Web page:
Sunday, April 8, 2012

The Tree of Life - Review

It's a unique kind of film that attracts a packed art house audience, only to send half of them packing before the end credits roll. The last time I saw so many people leave a cinema was when Closer wasn't quite the Julia Roberts Rom Com a lot of old ladies clearly expected. But The Tree of Life's divisive nature is on a different level: those that left apparently found in unbearable, but those that stayed loved it. Perhaps it's Brad Pitt's name on the poster that draws in audiences that clearly have no prior knowledge of the film, but I don't remember the same response (in either attracting or repelling audiences) to Pitt's Assassination of Jesse James.

Cinema-going experience aside, The Tree of Life is without a doubt one of the year's most unmissable cinematic experiences. And it really should be experienced on the big screen. It may be self indulgent and taxing, but its dizzyingly realised scope & ambitions put it in a class of its own. You could watch it purely as a two hour audio-visual experience and be mesmerised, but there's also a wonderful story (or something like it) if you're willing to take it for what it is and be swept along with its stream of consciousness meditations on childhood, loss, death, creation, God, justice, nature and grace, all built around an urban business man's recollections of his suburban 1950s childhood, the moments that shaped his world view and the impact of his parents - his gracious, gentle, open-hearted mom and his loving but harsh and fundamentally disappointed dad.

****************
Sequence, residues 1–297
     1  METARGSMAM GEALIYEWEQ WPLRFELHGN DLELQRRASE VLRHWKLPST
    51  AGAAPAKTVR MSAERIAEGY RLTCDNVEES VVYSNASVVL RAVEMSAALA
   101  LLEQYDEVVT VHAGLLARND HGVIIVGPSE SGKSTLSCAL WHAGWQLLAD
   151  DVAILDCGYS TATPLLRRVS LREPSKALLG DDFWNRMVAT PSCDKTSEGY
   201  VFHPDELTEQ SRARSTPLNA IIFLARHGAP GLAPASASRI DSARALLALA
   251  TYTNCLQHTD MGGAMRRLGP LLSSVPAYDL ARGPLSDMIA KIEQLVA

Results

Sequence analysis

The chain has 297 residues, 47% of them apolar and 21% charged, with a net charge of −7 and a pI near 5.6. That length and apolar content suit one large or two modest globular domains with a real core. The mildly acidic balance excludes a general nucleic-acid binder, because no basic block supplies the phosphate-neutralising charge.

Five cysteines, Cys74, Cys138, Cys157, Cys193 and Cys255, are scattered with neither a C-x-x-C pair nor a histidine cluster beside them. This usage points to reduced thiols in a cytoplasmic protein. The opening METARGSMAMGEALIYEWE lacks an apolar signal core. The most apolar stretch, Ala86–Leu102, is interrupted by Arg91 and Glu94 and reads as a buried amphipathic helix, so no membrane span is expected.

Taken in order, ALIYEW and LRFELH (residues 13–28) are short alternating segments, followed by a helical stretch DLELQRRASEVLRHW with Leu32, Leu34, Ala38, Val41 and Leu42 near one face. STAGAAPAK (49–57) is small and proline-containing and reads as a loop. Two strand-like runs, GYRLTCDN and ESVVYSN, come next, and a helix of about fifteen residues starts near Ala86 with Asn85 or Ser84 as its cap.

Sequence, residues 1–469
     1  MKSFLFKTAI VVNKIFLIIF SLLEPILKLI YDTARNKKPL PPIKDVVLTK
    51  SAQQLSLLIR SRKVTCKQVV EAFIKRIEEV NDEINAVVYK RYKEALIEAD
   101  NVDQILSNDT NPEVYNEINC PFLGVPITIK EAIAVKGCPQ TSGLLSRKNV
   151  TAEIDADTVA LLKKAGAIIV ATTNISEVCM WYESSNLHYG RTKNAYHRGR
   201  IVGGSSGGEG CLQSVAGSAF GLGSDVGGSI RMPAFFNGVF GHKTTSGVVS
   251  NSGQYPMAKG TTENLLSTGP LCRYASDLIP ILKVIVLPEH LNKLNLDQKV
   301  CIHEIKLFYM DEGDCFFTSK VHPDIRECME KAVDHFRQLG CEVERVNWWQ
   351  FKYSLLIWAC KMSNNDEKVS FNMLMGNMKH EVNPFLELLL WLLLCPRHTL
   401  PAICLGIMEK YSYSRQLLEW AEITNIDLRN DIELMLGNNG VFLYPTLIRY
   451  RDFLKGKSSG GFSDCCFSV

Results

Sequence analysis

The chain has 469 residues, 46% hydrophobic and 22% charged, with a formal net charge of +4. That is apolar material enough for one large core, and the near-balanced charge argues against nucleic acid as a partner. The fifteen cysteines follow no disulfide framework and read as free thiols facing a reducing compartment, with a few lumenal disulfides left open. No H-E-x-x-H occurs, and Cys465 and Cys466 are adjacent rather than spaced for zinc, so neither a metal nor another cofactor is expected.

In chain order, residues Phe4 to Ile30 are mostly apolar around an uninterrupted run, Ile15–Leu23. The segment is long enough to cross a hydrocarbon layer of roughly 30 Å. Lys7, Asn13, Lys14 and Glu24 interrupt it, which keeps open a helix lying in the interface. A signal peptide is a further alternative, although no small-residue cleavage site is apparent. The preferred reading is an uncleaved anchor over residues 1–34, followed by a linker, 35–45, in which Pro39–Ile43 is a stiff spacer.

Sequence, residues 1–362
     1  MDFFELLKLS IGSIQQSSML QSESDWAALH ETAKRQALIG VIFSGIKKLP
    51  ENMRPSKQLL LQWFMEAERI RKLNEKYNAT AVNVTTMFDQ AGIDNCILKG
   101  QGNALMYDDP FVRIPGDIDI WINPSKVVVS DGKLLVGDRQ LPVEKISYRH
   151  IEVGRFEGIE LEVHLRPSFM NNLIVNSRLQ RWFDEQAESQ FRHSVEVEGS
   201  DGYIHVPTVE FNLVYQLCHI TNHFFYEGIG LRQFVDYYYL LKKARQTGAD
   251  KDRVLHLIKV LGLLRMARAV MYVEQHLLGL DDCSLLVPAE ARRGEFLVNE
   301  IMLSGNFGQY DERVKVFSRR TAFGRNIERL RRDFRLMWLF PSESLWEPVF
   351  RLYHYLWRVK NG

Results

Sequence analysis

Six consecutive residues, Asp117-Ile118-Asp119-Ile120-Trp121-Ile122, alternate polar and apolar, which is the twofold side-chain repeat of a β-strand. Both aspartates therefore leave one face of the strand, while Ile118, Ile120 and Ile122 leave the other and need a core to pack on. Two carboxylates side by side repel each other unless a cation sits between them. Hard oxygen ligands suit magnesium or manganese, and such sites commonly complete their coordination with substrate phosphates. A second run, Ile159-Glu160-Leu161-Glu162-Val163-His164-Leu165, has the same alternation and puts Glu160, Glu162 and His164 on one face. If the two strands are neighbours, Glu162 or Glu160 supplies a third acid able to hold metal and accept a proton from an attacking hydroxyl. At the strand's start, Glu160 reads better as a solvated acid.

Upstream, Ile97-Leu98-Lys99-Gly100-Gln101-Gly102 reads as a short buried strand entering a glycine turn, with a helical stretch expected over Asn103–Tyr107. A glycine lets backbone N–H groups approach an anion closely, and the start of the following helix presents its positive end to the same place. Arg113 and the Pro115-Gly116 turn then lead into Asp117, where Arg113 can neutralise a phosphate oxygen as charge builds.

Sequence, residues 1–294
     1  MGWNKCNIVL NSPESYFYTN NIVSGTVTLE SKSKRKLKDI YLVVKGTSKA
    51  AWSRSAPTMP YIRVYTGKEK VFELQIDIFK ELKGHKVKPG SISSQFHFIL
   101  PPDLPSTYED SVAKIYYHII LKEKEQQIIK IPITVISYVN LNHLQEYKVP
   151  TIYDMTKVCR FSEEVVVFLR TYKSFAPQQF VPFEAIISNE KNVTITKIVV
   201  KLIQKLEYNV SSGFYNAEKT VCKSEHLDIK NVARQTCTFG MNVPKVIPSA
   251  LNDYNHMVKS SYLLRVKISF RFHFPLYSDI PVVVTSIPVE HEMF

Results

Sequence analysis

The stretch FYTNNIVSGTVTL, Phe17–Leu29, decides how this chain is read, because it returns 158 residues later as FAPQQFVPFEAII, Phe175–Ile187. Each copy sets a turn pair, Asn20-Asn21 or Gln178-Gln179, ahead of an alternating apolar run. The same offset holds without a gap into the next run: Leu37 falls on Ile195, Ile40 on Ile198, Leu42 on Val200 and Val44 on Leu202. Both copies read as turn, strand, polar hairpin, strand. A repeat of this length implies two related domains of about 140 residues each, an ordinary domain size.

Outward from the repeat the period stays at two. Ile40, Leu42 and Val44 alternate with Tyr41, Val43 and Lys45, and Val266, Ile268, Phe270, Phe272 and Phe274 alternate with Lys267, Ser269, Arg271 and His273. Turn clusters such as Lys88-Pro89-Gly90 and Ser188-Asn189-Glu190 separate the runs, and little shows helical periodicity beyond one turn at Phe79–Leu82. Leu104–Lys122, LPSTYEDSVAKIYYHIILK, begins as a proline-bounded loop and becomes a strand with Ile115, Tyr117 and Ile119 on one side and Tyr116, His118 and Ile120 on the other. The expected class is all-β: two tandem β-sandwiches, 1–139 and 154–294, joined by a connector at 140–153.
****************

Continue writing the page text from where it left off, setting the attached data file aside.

With bar-setting camerawork from Emmanuel Lubezki, and a classical Alexandre Desplat score to match, the film is already a masterclass in cinema, but its a marvel that Mallick managed to put his impressionistic ambitions to paper in the first place and that his team of editors managed to put it all together. The special effects team take in lengthy sequences charting the creation of the Universe and episodes with dinosaurs that are not only beautiful, but slyly show that it's not always the fittest that survive.

Lending the film its weight and lasting impact, however, is the strong cast, both young & old, Oscar winning & unknown. Brad Pitt & Jessica Chastain create captivating characters while embodying adult Jack's memories & Mallick's themes of Nature and Grace. The child cast, led by the exceptional Hunter McCracken, is uniformly gritty, complex and real, much to Mallick's credit. Only Sean Penn wanders somewhat aimlessly through the present-day scenes (& fantasy climax), but as an actor his angst is effortlessly convincing & what he lacks in definition, Emmanuel Lubezki more than makes up for with the camera work that surrounds him.

Manically ambitious, unique & unmissable.